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Adventures of Baseball Annie:
An Open Letter to Annies
I'm embarrassed. Hurt. Enraged. One among your ranks has taken the game I love, the one thing that has remained constant for me through good and bad (bad dates, bad boyfriends, bad jobs, bad roommates) and turned it into something shallow and empty.
Let's establish one thing very clearly. I love the ballpark. I go as often as I can afford, and because the park I adore is an ugly, yet affordably priced Shea Stadium, it means I get to go a lot. "Keeps me off the streets," I'm fond of saying.
I love the game, my team, my ballpark so much, that I'd sooner go alone than not at all. I've sat through games played in bitter cold, so cold you almost, that's almost, wish the season started a little later. I've sat through two-and-a-half-hour rain delays. Three times in one week during that series with the Cards last season. Why do I do this? I do this because I'm a woman with an ugly swing, which severely limits the ways I can help my team. If plunking down my dollars and braving the elements are the only things I can do, so be it. I own a warm coat and the cheapest seats are a measly nine bucks. And I've got the lungs to cheer all night like it's Game Seven of the World Series.
But recently, I met a woman who was willing to "take one for the team" in a different kind of way. She was cleverly disguised as a fan, in fact she looked an awful lot like me, sitting alone, poring over a media guide, paying rapt attention to the game. She knew a lot about the players. She knew the rules of the game. She knew when a nice play had occurred, cheering wildly at all the appropriate intervals.
We got to talking that night, and I thought what I'd found was a kindred spirit. Finally, someone who understands why I arrive at Shea two-and-a-half hours early just to watch batting practice. Someone who knows why one never leaves a Mets game early. Or any game, for that matter.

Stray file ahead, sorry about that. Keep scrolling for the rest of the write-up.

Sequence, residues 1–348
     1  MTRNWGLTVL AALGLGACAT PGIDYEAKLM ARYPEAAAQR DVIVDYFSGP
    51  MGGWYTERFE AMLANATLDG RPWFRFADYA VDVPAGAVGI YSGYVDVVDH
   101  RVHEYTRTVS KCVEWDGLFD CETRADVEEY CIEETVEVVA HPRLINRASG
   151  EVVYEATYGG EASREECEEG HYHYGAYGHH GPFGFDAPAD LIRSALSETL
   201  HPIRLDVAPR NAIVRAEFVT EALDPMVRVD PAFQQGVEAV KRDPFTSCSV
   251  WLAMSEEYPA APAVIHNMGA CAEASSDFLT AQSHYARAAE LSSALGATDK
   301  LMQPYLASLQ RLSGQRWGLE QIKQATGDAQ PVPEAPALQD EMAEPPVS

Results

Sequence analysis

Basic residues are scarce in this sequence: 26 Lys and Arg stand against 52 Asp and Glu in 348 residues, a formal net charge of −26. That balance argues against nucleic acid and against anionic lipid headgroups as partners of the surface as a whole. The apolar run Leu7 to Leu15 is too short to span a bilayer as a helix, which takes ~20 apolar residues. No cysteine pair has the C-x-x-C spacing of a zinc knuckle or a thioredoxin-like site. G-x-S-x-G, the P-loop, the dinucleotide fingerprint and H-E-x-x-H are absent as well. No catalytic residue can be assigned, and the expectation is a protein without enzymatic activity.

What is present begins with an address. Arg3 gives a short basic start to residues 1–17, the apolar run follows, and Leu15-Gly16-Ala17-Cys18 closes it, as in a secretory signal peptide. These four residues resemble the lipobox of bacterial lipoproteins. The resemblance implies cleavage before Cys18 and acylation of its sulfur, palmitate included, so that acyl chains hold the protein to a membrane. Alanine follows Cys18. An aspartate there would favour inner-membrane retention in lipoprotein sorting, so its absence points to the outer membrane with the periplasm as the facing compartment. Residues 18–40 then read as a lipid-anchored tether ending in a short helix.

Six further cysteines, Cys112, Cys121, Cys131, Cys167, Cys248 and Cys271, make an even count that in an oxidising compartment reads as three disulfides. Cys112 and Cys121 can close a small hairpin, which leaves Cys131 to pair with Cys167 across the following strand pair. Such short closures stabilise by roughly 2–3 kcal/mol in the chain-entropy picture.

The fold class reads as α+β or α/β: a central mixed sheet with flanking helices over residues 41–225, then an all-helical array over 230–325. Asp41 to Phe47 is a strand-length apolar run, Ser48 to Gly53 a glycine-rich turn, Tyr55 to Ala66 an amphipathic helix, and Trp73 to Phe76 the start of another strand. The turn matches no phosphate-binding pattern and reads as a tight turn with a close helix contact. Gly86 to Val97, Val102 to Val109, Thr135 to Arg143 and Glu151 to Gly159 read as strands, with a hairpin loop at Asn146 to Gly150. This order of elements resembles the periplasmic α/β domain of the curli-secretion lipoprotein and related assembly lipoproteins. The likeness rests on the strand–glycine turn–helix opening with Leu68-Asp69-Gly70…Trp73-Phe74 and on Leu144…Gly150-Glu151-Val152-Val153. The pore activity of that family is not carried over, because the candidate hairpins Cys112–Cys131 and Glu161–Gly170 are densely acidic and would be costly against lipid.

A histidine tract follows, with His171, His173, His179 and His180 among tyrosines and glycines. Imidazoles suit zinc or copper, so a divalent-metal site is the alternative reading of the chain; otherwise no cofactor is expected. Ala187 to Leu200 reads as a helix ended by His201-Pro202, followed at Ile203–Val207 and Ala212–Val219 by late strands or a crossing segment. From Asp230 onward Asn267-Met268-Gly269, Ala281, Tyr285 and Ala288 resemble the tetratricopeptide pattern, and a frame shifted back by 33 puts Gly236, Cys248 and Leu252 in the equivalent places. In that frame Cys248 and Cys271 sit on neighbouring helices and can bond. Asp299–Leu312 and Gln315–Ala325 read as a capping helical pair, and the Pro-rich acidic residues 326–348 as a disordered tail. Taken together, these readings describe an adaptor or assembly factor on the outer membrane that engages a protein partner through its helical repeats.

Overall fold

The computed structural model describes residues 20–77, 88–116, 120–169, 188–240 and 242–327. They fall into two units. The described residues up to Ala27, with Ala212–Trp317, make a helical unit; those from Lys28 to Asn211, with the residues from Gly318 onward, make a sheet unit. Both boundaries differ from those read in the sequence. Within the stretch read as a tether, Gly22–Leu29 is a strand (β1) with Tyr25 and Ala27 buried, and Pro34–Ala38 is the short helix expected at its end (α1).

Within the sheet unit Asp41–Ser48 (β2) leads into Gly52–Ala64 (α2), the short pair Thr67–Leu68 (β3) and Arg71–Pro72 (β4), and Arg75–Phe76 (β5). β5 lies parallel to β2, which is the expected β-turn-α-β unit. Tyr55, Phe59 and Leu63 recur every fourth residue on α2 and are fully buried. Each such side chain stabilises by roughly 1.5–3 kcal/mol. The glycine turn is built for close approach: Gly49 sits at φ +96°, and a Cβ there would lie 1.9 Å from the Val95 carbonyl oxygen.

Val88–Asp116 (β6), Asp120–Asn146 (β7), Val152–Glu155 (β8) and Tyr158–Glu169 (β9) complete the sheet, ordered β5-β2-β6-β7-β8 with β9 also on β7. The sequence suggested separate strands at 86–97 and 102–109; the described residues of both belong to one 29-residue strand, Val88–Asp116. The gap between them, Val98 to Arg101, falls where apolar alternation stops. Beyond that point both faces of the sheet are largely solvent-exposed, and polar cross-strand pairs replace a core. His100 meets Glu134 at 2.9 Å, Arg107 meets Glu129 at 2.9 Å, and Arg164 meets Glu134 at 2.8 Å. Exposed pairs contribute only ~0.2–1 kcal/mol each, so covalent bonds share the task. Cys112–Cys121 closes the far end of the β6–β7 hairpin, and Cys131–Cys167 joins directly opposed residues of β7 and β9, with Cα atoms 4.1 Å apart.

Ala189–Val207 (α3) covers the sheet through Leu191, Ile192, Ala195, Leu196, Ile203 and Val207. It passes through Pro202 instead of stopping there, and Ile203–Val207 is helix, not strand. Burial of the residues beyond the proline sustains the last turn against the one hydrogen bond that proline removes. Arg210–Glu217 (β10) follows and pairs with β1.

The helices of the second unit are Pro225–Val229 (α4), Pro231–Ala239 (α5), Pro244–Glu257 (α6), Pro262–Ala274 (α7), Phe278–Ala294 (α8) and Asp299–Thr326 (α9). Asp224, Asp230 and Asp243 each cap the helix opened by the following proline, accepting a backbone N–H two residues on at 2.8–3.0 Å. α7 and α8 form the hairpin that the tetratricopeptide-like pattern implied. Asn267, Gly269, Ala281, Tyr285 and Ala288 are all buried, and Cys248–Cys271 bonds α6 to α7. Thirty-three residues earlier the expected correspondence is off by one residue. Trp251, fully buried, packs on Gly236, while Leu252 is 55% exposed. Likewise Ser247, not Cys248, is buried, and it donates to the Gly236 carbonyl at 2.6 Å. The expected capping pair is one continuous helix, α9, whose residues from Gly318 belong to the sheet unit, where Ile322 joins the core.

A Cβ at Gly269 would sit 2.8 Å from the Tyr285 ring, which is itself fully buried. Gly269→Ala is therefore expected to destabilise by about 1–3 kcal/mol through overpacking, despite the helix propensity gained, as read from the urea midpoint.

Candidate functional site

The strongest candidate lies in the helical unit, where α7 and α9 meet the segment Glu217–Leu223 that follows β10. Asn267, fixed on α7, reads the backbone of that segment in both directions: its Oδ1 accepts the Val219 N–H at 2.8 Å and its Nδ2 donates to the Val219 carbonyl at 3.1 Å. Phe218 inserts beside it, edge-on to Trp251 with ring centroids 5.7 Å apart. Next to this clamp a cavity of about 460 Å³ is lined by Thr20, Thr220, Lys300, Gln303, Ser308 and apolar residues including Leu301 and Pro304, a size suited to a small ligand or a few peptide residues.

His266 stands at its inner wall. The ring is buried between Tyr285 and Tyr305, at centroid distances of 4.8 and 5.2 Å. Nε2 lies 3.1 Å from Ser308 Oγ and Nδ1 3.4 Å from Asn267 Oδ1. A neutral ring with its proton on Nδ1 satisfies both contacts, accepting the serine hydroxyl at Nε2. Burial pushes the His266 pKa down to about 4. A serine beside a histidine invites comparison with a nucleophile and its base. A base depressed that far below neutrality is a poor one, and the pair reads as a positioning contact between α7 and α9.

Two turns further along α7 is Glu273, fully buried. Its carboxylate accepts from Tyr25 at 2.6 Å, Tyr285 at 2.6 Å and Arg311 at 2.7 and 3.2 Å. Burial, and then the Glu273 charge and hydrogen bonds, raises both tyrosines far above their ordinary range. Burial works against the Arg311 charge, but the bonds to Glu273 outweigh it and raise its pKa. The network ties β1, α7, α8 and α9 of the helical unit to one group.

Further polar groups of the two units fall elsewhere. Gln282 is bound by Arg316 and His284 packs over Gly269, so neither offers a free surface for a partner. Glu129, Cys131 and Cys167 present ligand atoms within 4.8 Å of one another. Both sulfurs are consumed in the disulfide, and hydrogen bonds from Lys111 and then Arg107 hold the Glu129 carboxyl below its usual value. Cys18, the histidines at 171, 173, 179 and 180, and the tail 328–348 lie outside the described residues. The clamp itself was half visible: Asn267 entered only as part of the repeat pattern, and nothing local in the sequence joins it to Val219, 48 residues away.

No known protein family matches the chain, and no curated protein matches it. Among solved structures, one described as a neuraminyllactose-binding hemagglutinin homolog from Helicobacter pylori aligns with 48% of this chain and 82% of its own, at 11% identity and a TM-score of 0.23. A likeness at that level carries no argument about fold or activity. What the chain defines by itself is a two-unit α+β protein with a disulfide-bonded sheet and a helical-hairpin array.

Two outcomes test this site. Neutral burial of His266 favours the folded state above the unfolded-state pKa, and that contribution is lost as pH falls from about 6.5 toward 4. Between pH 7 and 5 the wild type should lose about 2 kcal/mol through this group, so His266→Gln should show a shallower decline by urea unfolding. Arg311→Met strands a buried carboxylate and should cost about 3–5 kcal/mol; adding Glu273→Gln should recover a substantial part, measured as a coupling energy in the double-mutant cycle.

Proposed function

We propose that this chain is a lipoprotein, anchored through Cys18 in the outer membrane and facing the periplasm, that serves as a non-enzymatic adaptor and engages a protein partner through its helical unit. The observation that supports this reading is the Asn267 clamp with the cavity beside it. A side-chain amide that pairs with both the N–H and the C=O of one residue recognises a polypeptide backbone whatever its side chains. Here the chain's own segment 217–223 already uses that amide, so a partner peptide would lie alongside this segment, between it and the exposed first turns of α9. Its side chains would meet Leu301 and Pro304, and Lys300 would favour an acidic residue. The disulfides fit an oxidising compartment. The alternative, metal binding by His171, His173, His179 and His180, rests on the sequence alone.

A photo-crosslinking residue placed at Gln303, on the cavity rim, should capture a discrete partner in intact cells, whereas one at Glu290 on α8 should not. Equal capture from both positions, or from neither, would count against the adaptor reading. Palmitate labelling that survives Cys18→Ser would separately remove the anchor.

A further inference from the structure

She ruined it for me.
She was subtle, so subtle that I can't believe how long it took me to figure out she was nothing more than your basic Baseball Annie.
She often recognized that certain players were...cute. I won't lie. They are cute. Adorable even. So I just laughed off her little crushes. Everyone has different reasons for loving baseball, and if that's the reason that floats her boat, fine by me.
It wasn't until I got to know her better that I realized she has two things that are dangerous in combination: obsession, and too much free time. She would concoct all manner of schemes to divert their attention. I would gently remind her that this was their day job she was tampering with. "They love it," was her glib reply.
She sent them letters - with pictures. She left her number at the ballpark. Call their hotels when they were on the road. Petitioned to be made a ballgirl. (Ballgirl? She's 29.) Waited outside the players' parking lot after games. Once, she even went to the ballpark after the game had ended (she watched it on TV) to assume her post outside the players' lot. Shea is in Queens. She lives on Long Island. It's not exactly around the block.
I find myself embarrassed, ashamed that the players, my boys, might see me at a game and identify me as a groupie, the friend of that blonde girl who's always hanging around. They've seen me with her. I'm the one who sits by her side as she pelts them with cheesy come-ons. Oh, the shame.
I don't know what bothered me most, that she fooled me for so long, that I identified with her in some way, or that she involved me in so many of her schemes without my knowledge. I am actively avoiding her, a chore I wouldn't wish on any fan. I let the machine pick up, and she calls during games when she knows I'm awake and watching. I dread the inevitable day I see her again at the ballpark. But in my way, I do look forward to sitting alone, anonymous in the crowd, giving myself up to the collective cheering, becoming a part of something bigger than I could ever be on my own - the team.
I propose that all of you who see yourselves as you read this do me a simple favor: sew a scarlet "A" for Annie on your sleeve so I know who you are. Actually, it needn't be scarlet, it can be the color of your favorite team. This way, the players will know who you are and, most importantly, I'll know who you are. I promise I won't spit on you or pull your hair. I'll just gracefully sidestep you on the way to my nine-dollar, nosebleed seat.
Embittered but dealing,
Melissa Hughes thinks Mr. Met can kick your mascot's butt. Throw down the gauntlet at firstname.lastname@example.org.